He has six friends and he tells us they will stand by each other no matter what happens. Before marriage, he told his wife, “You don’t need to adjust with my parents but you need to do so as far my friends are concerned.” He talked about his wife in a gentle and caring way. He makes sure that his wife has her share of fun and enjoyment. “Just because we are men that does not mean that only we will enjoy. A woman is a human being first and she must enjoy.”
#MeToo has consumed my life for last one week. The more I read about it, the more I angry I feel. And in moments of solitude and self-reflection, many painful memories of hurt and abuse have resurfaced. And the story is both personal and universal. It’s a fact that most women in India have their #metoo experiences both in public and private space. Since the #metoo narratives have been shared on the social media, many of us are talking to each other to share our experiences. The common thread is that we all have gone through harrowing experiences of verbal, physical and emotional abuse at different level. In our workplaces. And that’s a reality even if it is difficult to swallow. The time has come to listen to women who are speaking, who are sharing raw emotions which they have been holding within themselves for years together. It’s not easy to come out and speak about your experience of being violated of basic human dignity. By doing that, you are laying your life in front of strangers. You are making yourself vulnerable.
In recent years, the process of communication has definitely become democratized. And one can’t suppress collective and individual voices for too long. Somewhere, like a tree, the voices will find a way to have a place under the sun.
Let us be clear on one thing. This is not a battle against men. This is not men bashing. This is about people who have abused their power, their authority, their superiority in whatever form. This is about not respecting a woman’s boundary. This is about some people having a sense of entitlement based on their power, position and gender. This is about commodification of women. At work place, at intimate spaces, at parties.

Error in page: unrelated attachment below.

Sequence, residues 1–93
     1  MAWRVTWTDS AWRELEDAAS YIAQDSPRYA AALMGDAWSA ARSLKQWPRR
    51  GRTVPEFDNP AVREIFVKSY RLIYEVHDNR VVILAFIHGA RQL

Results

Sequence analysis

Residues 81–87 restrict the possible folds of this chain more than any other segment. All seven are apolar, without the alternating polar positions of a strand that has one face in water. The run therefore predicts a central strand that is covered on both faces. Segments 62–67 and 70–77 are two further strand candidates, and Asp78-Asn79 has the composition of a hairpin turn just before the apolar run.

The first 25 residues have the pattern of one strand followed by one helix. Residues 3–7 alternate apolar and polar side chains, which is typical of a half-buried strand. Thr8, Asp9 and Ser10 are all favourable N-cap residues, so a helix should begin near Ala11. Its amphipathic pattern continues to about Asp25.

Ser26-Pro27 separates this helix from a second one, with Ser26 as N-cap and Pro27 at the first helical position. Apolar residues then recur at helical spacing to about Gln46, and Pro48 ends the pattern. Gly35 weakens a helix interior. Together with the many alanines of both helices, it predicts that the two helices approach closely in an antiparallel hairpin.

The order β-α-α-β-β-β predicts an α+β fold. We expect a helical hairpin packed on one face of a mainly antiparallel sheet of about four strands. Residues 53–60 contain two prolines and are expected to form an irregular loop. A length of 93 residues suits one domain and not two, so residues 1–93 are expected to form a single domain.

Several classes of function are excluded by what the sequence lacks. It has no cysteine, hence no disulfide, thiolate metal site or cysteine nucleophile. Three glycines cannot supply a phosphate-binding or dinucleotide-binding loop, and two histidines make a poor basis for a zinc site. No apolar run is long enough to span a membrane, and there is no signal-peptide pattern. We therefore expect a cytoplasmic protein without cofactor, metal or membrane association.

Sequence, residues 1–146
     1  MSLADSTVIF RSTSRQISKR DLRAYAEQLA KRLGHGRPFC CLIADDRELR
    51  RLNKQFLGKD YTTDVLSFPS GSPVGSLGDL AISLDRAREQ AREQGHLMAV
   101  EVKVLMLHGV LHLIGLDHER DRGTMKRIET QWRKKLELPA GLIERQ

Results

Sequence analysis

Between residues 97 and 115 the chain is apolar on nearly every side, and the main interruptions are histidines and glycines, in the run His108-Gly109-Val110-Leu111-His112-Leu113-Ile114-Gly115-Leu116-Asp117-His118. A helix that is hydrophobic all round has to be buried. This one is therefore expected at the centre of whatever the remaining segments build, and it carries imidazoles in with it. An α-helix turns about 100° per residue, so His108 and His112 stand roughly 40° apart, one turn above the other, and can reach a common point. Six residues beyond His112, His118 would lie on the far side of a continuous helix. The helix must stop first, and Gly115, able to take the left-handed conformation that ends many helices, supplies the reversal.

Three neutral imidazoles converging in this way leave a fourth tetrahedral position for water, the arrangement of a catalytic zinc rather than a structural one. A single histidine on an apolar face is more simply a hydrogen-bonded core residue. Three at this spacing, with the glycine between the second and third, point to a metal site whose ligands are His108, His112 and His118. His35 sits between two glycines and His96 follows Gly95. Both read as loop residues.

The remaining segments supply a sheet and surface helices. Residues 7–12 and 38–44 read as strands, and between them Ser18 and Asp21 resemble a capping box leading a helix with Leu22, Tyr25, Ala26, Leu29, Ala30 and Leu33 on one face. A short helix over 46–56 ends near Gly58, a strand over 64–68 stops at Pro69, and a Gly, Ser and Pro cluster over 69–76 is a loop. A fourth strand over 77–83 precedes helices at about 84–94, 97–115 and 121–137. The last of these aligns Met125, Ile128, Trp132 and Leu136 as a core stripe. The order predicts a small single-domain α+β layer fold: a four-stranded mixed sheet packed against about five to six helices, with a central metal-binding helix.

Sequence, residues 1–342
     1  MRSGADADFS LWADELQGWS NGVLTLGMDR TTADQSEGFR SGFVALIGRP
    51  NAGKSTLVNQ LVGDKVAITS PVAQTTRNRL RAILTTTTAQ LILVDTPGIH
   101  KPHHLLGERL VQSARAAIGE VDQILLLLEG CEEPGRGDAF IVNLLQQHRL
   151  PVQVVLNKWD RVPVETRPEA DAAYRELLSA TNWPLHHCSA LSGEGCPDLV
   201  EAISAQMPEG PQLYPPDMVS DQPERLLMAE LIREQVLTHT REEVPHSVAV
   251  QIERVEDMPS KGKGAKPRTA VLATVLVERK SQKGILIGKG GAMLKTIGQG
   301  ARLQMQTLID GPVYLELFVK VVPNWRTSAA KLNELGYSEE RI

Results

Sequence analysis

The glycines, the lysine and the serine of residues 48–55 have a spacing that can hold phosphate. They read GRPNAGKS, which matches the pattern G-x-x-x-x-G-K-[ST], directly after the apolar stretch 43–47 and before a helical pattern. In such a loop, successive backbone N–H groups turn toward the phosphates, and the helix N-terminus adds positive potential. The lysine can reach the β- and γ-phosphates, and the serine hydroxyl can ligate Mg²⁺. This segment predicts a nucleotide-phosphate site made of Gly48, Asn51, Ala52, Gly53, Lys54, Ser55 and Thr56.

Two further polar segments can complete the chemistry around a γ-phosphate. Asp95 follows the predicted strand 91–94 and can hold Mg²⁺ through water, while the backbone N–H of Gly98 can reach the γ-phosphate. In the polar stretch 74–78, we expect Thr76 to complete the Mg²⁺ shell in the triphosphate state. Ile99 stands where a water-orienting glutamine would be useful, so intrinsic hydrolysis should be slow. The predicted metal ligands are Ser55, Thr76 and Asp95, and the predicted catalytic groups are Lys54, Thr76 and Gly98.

It’s nice to see stories are coming out from the entertainment industry, from media, advertising industry, corporate sector and more. Let it all come — from different walks of life, from urban India, small town India, rural India. The narrative of pain, hurt and abuse suffered by women from all walks of life must now be a part of our mainstream narrative. We can no longer push these stories under the carpet. It’s time to listen to our women.
Our streets are not for our women. Otherwise, many of us will not think twice before taking a night flight/cab. And at that time it doesn’t matter whether we women are
journalists/engineers/nurses/academicians. If our streets are not ours, if we don’t have the freedom to move without any fear in our India then what are we really talking about? These are basic fundamental rights of any citizen. This is our constitutional right to move freely without any fear in our own country. A nation can not be a global player if its women are not feeling safe in their own country. Our offices are now telling horrible stories of sexual abuse. Men at work must realise that women are not sex toys. It’s not cool to crack sexist, misogynistic jokes. It’s not cool to comment on a woman’s colleague’s body parts. It’s not cool to be a skirt chaser.
The time has come for all of us to be sensitive about gender identity, gender empathy, gender fluidity and look at life and people beyond gender binary. Empathy and compassion is the only way to move forward. Let us teach our children to look at life beyond stereotypes of gender and role play. It’s absolutely fine if your father is a fabulous cook. It’s absolutely wonderful if your mother loves solving mathematics puzzles instead of cooking rajma-chawal for you on a Sunday.
We need to break down barriers and question our own mindsets. Talking to LGBTQ community members in the last few weeks (post Supreme Court verdict on Section 377) as part of writing stories have made me understand their deep lonely struggles in life. And all their stories have common thread of bullying at school, isolation at home and the innate pressure to be ‘normal’ (which just means being straight).